The Governing Council’s monetary policy council also did not change interest rates.
European on Thursday, the central bank’s council decided, in line with expectations, to keep the monetary stimulus unchanged. It also means that the policy rates were not changed.
The interest rate on the main refinancing operations remains at 0.00 per cent, the interest rate on the marginal lending facility at 0.25 per cent and the deposit rate on banks at -0.50 per cent.
The Governing Council expects key interest rates to remain unchanged or lower until the inflation outlook returns firmly close to just under 2% and developments are consistently reflected in core inflation. The effect of energy and food on the change in price levels has been removed from core inflation.
Director general Christine Lagarde assesses at the press conference that the worsening of the coronavirus pandemic is also a risk for the euro area economy.
“Production is likely to contract in the fourth quarter of 2020, and the increase in the pandemic poses some downside risks to the short-term economic outlook.”
Director-General Lagarde also stressed that industrial production in the euro area will continue to recover, but that state-imposed restrictions to curb the pandemic will continue to put a heavy strain on service sectors.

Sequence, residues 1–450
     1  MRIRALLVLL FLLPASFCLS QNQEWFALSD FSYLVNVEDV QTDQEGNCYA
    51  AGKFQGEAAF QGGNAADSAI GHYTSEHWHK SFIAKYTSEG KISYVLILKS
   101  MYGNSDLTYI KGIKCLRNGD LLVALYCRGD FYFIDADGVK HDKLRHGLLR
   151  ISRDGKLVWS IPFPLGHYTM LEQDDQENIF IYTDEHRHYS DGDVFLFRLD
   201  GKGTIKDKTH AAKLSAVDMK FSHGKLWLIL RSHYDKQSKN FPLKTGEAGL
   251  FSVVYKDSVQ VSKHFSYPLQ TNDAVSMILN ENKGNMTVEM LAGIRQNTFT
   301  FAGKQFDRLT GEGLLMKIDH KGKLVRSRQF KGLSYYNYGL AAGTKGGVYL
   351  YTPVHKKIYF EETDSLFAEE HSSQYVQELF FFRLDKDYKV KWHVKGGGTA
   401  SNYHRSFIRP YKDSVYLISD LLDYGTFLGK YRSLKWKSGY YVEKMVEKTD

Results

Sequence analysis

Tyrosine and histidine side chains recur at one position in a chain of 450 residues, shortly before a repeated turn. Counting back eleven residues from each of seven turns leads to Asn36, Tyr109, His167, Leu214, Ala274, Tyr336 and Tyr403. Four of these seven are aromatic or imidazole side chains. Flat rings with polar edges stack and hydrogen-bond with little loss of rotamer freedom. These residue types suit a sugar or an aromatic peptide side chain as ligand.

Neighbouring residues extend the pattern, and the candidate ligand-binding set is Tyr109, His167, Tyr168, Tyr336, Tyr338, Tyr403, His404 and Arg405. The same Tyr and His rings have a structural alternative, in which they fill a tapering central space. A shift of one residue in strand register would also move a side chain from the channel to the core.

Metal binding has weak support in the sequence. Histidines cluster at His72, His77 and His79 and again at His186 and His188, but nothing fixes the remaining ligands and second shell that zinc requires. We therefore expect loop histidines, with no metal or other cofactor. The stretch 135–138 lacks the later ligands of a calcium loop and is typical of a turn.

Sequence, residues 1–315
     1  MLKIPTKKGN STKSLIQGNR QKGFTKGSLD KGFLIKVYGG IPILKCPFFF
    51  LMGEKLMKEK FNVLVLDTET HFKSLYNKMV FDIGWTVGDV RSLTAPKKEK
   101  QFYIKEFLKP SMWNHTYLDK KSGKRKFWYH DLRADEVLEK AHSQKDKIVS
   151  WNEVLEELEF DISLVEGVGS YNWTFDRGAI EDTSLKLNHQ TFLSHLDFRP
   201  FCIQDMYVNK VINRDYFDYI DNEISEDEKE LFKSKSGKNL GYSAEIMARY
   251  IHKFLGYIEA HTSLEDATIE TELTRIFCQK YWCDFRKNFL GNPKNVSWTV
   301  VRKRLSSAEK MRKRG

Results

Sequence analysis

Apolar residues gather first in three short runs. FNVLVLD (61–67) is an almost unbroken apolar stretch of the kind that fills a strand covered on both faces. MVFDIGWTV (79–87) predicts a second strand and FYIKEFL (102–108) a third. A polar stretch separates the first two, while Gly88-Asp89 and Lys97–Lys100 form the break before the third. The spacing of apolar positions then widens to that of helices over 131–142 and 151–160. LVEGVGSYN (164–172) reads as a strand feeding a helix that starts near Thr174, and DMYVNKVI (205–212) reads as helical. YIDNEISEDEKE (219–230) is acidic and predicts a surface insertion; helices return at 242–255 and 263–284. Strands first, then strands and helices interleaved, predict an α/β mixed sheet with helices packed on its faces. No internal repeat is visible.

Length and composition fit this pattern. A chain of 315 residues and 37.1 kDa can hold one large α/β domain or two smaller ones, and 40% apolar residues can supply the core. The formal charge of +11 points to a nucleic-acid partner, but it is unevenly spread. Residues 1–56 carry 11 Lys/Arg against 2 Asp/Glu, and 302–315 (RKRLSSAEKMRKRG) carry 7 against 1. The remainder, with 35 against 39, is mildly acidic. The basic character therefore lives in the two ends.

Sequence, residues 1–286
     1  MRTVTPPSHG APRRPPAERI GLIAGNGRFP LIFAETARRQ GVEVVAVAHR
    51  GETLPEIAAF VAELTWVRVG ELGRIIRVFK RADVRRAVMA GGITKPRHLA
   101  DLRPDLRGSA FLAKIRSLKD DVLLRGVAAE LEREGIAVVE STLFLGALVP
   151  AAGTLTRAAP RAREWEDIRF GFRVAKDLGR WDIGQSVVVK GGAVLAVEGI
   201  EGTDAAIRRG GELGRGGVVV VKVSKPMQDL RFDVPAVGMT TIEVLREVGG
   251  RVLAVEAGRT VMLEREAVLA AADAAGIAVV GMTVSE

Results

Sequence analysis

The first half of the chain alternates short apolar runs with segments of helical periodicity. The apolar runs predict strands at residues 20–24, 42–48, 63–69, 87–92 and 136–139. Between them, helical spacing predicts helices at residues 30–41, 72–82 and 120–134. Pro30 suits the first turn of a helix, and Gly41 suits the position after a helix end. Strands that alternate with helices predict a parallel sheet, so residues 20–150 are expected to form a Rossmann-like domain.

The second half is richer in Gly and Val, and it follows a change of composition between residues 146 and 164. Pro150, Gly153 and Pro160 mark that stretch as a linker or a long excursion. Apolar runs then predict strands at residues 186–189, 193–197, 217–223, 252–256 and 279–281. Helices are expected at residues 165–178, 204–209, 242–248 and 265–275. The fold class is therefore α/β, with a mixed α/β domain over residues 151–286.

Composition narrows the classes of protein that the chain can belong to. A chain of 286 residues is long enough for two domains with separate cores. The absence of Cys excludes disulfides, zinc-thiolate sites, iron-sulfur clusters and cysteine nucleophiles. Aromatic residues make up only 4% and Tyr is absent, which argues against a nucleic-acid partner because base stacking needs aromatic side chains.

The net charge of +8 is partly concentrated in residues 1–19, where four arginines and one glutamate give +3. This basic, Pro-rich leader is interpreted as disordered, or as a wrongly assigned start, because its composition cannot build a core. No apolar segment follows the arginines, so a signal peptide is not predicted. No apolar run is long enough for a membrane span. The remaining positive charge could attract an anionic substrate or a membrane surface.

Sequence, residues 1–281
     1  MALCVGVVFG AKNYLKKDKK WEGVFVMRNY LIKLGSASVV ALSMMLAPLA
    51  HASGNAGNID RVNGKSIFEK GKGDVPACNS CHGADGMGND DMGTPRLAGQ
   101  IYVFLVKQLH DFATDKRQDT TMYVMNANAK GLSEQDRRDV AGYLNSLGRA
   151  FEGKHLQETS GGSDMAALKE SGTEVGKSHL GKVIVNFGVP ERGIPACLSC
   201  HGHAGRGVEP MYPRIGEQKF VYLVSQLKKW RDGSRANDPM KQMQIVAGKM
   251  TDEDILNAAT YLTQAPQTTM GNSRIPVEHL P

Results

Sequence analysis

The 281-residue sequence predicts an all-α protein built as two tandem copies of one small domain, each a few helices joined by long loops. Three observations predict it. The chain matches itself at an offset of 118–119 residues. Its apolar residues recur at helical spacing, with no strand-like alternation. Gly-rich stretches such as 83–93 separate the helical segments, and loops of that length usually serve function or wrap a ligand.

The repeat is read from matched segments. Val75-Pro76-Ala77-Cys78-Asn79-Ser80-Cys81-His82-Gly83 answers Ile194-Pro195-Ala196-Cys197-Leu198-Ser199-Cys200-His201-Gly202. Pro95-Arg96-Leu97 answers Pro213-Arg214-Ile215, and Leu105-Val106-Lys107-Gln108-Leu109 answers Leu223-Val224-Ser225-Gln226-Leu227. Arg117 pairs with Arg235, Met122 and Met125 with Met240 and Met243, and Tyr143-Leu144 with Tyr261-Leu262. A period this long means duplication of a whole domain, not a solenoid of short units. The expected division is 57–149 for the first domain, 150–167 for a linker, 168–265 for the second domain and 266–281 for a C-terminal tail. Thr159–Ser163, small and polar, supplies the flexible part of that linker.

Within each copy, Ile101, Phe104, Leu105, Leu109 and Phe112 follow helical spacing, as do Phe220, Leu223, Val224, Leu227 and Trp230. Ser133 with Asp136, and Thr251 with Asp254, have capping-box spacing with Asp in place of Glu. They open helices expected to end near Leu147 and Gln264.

In December central bank increased the emergency funding it started because of the pandemic EUR 500 billion to EUR 1 850 billion. At the same time, it announced that emergency funding will last at least until the end of March next year. That means it will take at least a good year for the economy to return to a more or less normal state.
In any case, the central bank intends to continue buying until it considers that the crisis phase of the coronavirus pandemic is over.
In December, the central bank also announced that it would continue to purchase securities in the amount of EUR 20 billion per month, which began in a separate purchase program in autumn 2019.
Originally In the emergency funding and separate purchase program launched in March, the euro area central banks buy mainly euro area bonds from the market. By buying securities, the central bank increases the money supply.
The sellers of the securities are banks and investors who receive central bank money in return. It will allow them to increase their other investment and increase their lending to businesses and households.
The central bank reiterated on Thursday that it remains ready to use all means at its disposal to bring inflation back closer to its price stability target in a sustainable manner. According to the price stability target, the inflation rate should be slightly below 2% over the medium term.